Massive gig companies haven’t paid a single dime to California‘s unemployment insurance (UI) fund, making it more difficult for workers to access UI benefits and depleting the fund of vital resources all workers need in this economic crisis

Gig companies are even denying the claims of workers who have filed for UI, delaying workers from getting checks they desperately need to pay rent, put food on the table and provide other basic necessities for their families.

California’s UI fund is severely stressed. Millions of new claims have come in since mid-March. While responsible employers have been funding UI to sustain it in times of crisis, Uber, Lyft, Instacart, Doordash and other gig companies refuse to comply with the law to pay their fair share for UI, putting all workers at grave risk.

“We need a sustainable UI fund now more than ever,” said California Labor Federation Secretary-Treasurer Art Pulaski in a statement in May. “We demand that gig companies comply with the law by immediately contributing to the state’s UI fund so their own workers – and all workers – can get the benefits they so desperately need to weather this crisis.”

Sadly, instead of ensuring that their employee drivers could access state benefits, Uber, Lyft, Postmates and Doordash, have stockpiled $110 million in a PAC account to fund a November 2020 ballot initiative aimed at denying drivers basic protections.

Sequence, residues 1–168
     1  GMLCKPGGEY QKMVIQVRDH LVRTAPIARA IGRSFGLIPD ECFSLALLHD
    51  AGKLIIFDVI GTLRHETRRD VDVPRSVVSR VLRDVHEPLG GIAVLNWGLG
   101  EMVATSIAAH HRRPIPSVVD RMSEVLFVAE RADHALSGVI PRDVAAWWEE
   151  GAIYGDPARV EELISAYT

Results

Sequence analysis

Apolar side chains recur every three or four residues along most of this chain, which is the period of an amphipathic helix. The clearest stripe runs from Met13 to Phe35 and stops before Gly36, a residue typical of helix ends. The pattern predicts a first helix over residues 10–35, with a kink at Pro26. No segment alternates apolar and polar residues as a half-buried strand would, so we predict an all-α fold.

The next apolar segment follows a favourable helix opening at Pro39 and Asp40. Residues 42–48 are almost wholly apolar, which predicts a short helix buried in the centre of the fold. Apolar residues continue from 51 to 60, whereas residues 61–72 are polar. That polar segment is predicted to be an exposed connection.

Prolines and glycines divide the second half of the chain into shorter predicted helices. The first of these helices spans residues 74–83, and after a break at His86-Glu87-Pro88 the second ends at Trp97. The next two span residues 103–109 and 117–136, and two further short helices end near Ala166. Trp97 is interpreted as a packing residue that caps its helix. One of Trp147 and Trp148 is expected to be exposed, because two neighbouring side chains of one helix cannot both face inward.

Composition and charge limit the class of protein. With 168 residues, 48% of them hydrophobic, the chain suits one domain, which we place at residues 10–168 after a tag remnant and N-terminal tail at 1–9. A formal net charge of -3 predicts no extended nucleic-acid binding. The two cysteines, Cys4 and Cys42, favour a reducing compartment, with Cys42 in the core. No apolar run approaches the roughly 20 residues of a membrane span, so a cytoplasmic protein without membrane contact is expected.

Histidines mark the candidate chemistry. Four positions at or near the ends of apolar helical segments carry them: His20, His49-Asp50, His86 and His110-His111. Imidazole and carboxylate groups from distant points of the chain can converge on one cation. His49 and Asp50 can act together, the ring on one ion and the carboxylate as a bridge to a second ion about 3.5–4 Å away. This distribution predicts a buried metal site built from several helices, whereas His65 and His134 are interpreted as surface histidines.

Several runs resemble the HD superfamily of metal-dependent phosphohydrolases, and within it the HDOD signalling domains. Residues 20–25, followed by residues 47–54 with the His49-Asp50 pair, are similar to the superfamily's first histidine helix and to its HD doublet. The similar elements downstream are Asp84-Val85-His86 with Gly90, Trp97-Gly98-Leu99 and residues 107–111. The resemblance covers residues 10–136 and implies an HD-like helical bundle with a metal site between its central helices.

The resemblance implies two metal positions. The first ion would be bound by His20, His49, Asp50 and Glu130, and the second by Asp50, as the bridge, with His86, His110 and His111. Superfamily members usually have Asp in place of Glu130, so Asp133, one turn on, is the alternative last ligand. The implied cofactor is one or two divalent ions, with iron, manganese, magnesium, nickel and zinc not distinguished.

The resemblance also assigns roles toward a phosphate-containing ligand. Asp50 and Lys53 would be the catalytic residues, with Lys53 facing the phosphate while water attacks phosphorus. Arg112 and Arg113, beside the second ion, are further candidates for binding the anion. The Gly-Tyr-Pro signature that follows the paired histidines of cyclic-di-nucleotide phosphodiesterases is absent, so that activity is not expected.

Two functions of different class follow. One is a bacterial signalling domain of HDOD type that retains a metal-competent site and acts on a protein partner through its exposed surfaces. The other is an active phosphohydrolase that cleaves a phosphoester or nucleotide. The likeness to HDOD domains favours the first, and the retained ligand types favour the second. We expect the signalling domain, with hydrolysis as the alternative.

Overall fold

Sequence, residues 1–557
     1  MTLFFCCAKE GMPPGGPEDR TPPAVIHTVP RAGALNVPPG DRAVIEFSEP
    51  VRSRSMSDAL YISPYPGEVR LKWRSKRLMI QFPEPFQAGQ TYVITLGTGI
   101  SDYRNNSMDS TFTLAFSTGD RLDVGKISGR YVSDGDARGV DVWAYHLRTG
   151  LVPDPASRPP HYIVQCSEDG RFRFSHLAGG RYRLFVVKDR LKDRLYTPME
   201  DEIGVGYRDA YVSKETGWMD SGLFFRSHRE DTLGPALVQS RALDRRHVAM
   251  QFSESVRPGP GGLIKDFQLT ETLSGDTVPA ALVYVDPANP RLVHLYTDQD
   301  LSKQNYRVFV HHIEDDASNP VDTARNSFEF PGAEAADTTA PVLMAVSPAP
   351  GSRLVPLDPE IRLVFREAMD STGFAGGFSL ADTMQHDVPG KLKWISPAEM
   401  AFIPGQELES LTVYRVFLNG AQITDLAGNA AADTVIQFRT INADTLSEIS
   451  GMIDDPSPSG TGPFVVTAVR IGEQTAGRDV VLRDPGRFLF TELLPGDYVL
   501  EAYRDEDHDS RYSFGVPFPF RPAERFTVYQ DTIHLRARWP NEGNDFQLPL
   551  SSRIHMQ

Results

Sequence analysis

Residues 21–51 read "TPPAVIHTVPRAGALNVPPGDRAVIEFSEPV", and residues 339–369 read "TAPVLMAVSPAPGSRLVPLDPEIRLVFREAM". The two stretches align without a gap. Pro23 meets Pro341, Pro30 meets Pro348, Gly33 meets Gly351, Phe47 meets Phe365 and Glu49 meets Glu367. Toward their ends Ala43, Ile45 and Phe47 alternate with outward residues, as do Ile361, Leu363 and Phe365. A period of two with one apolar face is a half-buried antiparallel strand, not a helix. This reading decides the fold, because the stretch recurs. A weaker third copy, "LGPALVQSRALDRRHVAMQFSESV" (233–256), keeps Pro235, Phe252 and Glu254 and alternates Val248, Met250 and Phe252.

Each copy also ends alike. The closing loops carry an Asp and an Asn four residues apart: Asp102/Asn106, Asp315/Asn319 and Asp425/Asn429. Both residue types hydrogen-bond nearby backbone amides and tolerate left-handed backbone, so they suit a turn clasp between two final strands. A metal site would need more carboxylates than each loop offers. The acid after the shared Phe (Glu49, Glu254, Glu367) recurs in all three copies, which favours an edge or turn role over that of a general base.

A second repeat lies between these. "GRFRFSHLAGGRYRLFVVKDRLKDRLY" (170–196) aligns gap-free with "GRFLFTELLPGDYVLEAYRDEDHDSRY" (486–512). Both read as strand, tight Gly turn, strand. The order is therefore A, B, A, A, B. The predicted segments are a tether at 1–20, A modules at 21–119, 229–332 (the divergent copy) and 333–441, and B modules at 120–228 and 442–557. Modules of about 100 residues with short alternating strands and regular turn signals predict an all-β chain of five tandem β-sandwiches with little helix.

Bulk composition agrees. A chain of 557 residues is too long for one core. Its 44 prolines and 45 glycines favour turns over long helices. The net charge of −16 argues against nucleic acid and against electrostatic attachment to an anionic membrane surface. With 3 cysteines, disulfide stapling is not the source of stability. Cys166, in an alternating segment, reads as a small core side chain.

The measure would enable these companies to continue rig the rules in their favor, allowing them to shirk their responsibility to pay their fair share for unemployment insurance, Social Security, Medicare and other social safety net services.

Across the state, drivers are demanding that the companies immediately drop this harmful measure and use those millions to provide direct relief to workers.

In what workers claim is a public relations stunt, Uber and Lyft offered sick leave only for those who have been diagnosed with COVID-19 or were individually ordered to quarantine. Without employer-provided health care, and with the continued backlog of testing, this is little reassurance. What’s more, they can’t take paid time to care for a sick or quarantined family member.

Further, the gig companies refuse to provide drivers and shoppers still on the job with any equipment or supplies needed to keep them safe: no hand sanitizer, no disinfectant wipes, no masks. By refusing to take worker safety seriously, these companies put drivers and the public they are serving at grave risk.

The Labor Federation has joined drivers and shoppers to call on the gig companies to:

• Immediately follow the law of
the land – AB 5 – and classify gig
workers as employees so workers can
get the basic protections they desperately

• Provide 14 days of paid leave to
all drivers, shoppers and other gig
workers so they can have the flexibility
they need to care for themselves
and their families while not putting
the public at risk.

• Immediately pay their fair share
by contributing to the State’s unemployment
insurance fund, Social
Security and Medicare so that these
critical safety net programs are there
to support all workers.

• Provide personal protective
equipment and supplies to keep drivers

• Provide a clear protocol in case
of COVID-19 exposure, including
free COVID-19 screenings to all drivers/

• Immediately drop the deceptive
and harmful ballot measure that
denies workers basic protections like
a minimum wage, overtime pay and
safety equipment.